Each April, people around the world celebrate their commitment to protecting the environment, including saving energy, as part of Earth Day. But every day, more and more consumers are taking steps to reduce their energy consumption by shifting to light-emitting diodes, or LEDs.
The U.S. Department of Energy reports that replacing incandescents with ENERGY STAR® qualified bulbs, such as LEDs, allows consumers to cut their electric bills by 75 percent. Austin Gelder, UL Lighting Performance Technical Advisor, said there are other cost savings of note for LED lighting, such as reduced maintenance of office lights because they last dramatically longer — from three to 25 times longer.
U.S. government regulations require minimum lightbulb efficiency standards that the incandescent lightbulbs most commonly used by consumers today cannot meet. In the European Union, inefficient non-directional lamps, such as non-directional incandescent lamps over 100 watts, will be phased out gradually, with the goal of lowering carbon emissions and energy consumption.
“But in spite of the new regulations, there have been challenges to LED adoption by consumers,” Gelder said. “In particular, consumers disliked the tones and appearance of the lighting. Now, new technologies are allowing manufacturers to provide more varieties of color and brightness.”
In response, UL, which has been testing lightbulbs for safety and reliability for decades, has expanded its certification offerings to help ensure quality control and consistency of new LED lights. Meanwhile, UL continues to test for a number of voluntary and regulatory programs, such as ENERGY STAR.
To start, the lighting performance team tests bulbs for both instantaneous performance, such as energy efficiency, color quality and light output, and long-term testing to determine how long the lightbulb needs to last.
The team uses a big, hollow sphere made out of a steel shell — with a diffused light coating on the inside — to capture the overall quantity of light output. With this information, the team can determine if the light output and appearance is warm or cool, as it affects how the light would make products appear (i.e., natural, subdued in color, etc.).
This testing mechanism also captures a full spectrum of electrical and environmental data, including how much electricity is running through the LEDs to produce the light output (for energy efficiency) and at what temperature it’s operating (an important safety consideration).
After initial testing, many lighting products are placed in testing racks within a temperature-controlled room, and positioned facing up as well as facing down, to test how LEDs will behave in both orientations. This mimics the real-life use in ceiling lighting fixtures, in which the bulbs normally face down, and table lamps, in which the bulbs normally face up.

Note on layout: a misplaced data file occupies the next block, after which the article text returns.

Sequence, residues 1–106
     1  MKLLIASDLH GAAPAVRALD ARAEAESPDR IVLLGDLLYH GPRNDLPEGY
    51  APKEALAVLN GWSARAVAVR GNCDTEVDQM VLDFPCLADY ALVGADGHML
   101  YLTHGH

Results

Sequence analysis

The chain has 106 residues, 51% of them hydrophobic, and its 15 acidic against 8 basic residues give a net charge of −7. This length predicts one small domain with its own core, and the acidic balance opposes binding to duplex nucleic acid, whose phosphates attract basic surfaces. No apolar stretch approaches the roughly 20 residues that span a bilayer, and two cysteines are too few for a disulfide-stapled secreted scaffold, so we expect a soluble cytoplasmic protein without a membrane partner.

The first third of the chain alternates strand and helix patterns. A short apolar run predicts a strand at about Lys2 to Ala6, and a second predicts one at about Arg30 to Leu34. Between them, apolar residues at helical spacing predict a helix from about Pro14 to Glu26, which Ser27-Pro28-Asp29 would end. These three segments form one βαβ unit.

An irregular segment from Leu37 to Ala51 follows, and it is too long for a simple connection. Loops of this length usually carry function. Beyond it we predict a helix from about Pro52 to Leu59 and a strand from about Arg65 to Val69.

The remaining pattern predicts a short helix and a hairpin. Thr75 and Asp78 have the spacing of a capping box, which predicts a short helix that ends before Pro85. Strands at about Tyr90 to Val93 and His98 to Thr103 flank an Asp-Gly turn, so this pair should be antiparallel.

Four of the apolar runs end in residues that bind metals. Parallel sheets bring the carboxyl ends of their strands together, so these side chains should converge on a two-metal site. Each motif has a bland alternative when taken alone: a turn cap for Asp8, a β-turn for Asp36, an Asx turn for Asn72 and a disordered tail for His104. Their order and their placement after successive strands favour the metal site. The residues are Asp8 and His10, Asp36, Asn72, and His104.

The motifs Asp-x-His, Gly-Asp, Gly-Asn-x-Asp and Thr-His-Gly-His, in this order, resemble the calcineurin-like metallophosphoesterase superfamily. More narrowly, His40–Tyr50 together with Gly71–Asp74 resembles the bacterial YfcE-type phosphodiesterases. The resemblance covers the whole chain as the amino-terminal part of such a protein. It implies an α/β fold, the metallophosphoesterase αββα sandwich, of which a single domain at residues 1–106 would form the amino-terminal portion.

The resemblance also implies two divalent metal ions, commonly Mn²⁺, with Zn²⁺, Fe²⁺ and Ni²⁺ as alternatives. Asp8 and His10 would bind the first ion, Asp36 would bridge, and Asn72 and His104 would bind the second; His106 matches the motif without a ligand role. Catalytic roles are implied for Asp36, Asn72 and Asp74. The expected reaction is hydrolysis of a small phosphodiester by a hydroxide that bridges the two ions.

“These LEDs are designed to last for up to 25 years, and our tests can help confirm the overall reliability of the products,” Gelder said. “At the same time, consumers want the LEDs to provide a more natural looking light, which manufacturers are working to deliver. Our testing processes help to independently verify efficiency, performance and light appearance of these new products.”
Brightness is also an important issue for lightbulbs — and with very small point sources, such as LEDs, this is particularly important. Many people still associate LEDs with very bright lighting, and there are times when the location should be very bright, such as in a commercial area. But as more people use the LEDs in their homes, consumers want more options, and often want the products to perform similarly to the familiar incandescent lamps.
To test bulbs for the distribution of a product’s brightness, the UL team runs fixtures through a machine called a goniophotometer (designed and manufactured by UL), which is placed in a large, dark room. The team swings a mirror around the fixture to capture slices of surrounding light data, while rotating the fixture. The machine generates a 3D map to show where the light is coming from within the fixture, where the light would go and how much electricity is used to produce the light output. This is a very useful tool for designers, helping them to focus on light distribution as well as to help ensure that important areas are properly illuminated, and there is not too much glare coming from the fixture.
Both of these tests gauge how much electricity the lighting fixture is using and can determine the absolute energy efficiency from its output. However, these tests vary in length. While the instantaneous performance test provides instant results, endurance measurements can require continuous testing over nine months or more.
UL’s testing methods are updated often, and UL is an active participant in the development of new and updated test methods as the industry evolves. As manufacturers are now redesigning their LED products every six to 12 months because of technological advances, and the lighting will be installed for such a long time, the need for precise testing is increasing. UL has six testing labs for LED lights located across the world, including Allentown, Penn.; Brea, Calif.; Guangzhou and Suzhou, China; Manesar, India; and Burago di Molgora, Italy.
“The future of LEDs is bright as more people adopt them in their homes, and lighting companies start integrating other functionalities into these devices,” Gelder said.
On the horizon is smart lighting, which will allow LED lights to be turned on automatically or changed with the time of day, offering softer, dimmer light around bedtime or brighter light during a meeting.